Don’t follow your passion. Be great at what you do instead (Pt.I)

I’m 55 pages into a book that I finally got around to reading: Cal Newport’s book, ‘So Good They Can’t Ignore You: Why Skills Trump Passion in the Quest for Work You Love’

My God… it’s good. When I’m finished I’ll write a bit more about it. So far it’s going against the majority of self-help career advice that’s put out there (and which I’ve fallen for, myself). Advice which was somewhat reinforced for many people worldwide by a famous speech that Steve Jobs once gave. It’s also inline with the old adage ‘Do what you love, and the Money will Follow’; and ‘Do What you love and you’ll never work a day in your life.’ The usual advice basically distills down into:

‘Follow Your Passion.’

There, simple.

Simple? Not really. If you want a great job—that you love, the chances are: you’ll have to be damned good at it. That you’ll need the great skills that are required to get you that great job.

Lots of people are (or think they are) really passionate about something or other, but they may never actually get any good at doing it. If they think that magically getting their imagined dream job will happen because: they simply had the guts/confidence to just follow their passion; they may not actually put in the work required to be good at it in the first place. That’s the hard bit. That’s the work.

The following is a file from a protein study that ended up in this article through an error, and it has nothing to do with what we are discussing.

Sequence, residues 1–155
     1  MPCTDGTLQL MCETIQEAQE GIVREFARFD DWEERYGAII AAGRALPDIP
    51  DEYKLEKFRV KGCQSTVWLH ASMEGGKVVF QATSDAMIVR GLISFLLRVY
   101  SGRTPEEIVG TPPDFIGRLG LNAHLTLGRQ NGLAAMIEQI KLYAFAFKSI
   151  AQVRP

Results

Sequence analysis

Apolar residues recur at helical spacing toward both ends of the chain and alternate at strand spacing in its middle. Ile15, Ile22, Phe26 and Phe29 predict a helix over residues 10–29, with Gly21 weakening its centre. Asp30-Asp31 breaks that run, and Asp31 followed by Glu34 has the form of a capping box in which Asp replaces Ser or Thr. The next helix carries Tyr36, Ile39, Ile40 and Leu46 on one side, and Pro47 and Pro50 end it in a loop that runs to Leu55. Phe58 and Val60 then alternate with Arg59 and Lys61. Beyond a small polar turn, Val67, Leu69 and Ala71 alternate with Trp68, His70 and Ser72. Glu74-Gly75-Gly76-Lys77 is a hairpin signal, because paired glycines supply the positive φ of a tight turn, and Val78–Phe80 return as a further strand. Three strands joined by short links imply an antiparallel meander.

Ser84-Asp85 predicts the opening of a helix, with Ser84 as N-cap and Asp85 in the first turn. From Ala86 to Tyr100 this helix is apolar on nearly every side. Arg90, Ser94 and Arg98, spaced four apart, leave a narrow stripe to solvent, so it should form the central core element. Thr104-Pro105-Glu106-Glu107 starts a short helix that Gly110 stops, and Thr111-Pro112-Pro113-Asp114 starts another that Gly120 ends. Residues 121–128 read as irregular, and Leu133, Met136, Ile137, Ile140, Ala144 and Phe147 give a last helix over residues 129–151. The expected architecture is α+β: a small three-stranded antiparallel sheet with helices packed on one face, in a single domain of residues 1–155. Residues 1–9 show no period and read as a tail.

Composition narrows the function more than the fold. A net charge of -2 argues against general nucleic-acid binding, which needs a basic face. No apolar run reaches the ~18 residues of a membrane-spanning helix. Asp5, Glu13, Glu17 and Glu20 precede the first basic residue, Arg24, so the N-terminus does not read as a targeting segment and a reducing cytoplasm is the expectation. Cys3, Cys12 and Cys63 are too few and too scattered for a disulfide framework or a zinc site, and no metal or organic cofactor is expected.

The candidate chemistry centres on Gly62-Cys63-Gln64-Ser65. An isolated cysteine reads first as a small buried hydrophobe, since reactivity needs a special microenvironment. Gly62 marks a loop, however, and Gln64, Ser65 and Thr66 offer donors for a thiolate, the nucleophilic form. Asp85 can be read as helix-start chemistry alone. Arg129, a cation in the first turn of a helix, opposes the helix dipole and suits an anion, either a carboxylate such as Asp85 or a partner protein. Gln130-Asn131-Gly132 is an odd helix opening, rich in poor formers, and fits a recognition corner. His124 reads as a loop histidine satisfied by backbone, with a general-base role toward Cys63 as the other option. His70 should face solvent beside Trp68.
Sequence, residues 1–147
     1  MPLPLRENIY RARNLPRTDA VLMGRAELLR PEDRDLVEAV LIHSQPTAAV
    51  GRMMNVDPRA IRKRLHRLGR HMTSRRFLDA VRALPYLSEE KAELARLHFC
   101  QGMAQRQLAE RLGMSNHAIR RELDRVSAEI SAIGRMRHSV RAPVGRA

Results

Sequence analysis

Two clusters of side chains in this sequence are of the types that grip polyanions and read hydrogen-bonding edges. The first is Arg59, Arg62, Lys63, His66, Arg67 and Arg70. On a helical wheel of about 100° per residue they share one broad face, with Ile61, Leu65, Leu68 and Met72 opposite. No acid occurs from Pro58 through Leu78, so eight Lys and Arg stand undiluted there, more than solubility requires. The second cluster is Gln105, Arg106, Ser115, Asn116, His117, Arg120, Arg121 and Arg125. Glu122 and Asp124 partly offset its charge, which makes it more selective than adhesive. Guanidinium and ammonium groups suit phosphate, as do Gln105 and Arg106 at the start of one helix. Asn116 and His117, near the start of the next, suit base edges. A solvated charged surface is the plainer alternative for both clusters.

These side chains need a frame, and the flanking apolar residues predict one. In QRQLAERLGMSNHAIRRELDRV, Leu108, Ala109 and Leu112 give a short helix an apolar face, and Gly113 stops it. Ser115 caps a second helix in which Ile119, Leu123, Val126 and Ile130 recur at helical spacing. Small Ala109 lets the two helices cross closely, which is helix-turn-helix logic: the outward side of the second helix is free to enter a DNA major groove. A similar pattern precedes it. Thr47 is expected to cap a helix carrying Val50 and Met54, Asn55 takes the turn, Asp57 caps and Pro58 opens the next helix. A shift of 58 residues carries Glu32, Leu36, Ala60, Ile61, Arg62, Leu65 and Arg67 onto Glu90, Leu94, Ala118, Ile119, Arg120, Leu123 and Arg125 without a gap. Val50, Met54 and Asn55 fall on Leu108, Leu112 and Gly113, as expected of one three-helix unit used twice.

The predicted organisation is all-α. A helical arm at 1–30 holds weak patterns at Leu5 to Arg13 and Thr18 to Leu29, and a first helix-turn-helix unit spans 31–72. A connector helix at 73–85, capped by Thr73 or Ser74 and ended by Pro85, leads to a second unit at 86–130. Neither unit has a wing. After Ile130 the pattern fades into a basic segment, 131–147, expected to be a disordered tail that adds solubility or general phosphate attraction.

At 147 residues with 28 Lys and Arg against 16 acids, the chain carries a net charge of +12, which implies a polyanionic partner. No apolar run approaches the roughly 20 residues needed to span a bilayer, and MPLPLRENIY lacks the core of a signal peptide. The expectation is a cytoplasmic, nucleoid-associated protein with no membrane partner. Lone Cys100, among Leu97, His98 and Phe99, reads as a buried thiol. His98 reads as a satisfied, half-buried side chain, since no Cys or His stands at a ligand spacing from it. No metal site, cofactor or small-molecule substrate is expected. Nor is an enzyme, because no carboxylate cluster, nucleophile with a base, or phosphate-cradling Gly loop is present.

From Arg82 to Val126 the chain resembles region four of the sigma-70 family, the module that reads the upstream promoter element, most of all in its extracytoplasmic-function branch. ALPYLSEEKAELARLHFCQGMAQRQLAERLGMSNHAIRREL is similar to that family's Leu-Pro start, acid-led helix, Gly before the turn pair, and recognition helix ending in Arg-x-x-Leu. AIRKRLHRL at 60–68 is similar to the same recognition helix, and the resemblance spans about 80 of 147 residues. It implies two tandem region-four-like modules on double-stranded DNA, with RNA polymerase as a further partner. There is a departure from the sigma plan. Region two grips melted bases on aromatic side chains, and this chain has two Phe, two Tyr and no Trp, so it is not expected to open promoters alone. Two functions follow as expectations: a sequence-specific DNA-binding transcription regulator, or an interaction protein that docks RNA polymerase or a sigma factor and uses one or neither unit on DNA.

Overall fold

The other problem is that your dream job in a toyshop, or a zoo, or Disney, might turn out to be just ‘a job’. Fail to live up to your expectations (especially if you’re not great at it).

The ‘Craftsman Mindset’

I won’t write much more about it now, because I’m only 55 pages in, but one thing that really struck a chord with me is when Cal says that what we need is not a ‘Passion Mindset’, but rather a ‘Craftsman Mindset.’ Do you know what? The work I’m proudest of—and enjoyed the MOST, was done in craftsman mode; when I was absolutely committed to quality and doing something great, the best that I could do. And in most cases, I was left quite free, or entirely free to do it as I wanted.

I was not intending to just create the Minimum Viable Product.

The odd thing is: that great work that I did is what people—and even potential employers—love in my portfolio. But how does one square being a craftsman on the one hand, with the increasingly ‘Do it faster—that’s good enough’ attitude of many businesses?

Hmmm…

P.S:
Cal describes the Passion Mindset as being more about what the world can do: for us.
And the Craftsman Mindset being more about what we can do: for the world.

Here’s Part II of what I think of Cal’s book»

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3 comments

  1. Pingback: Don’t Follow Your Passion! Pt.II | John I. White's Creative Blog

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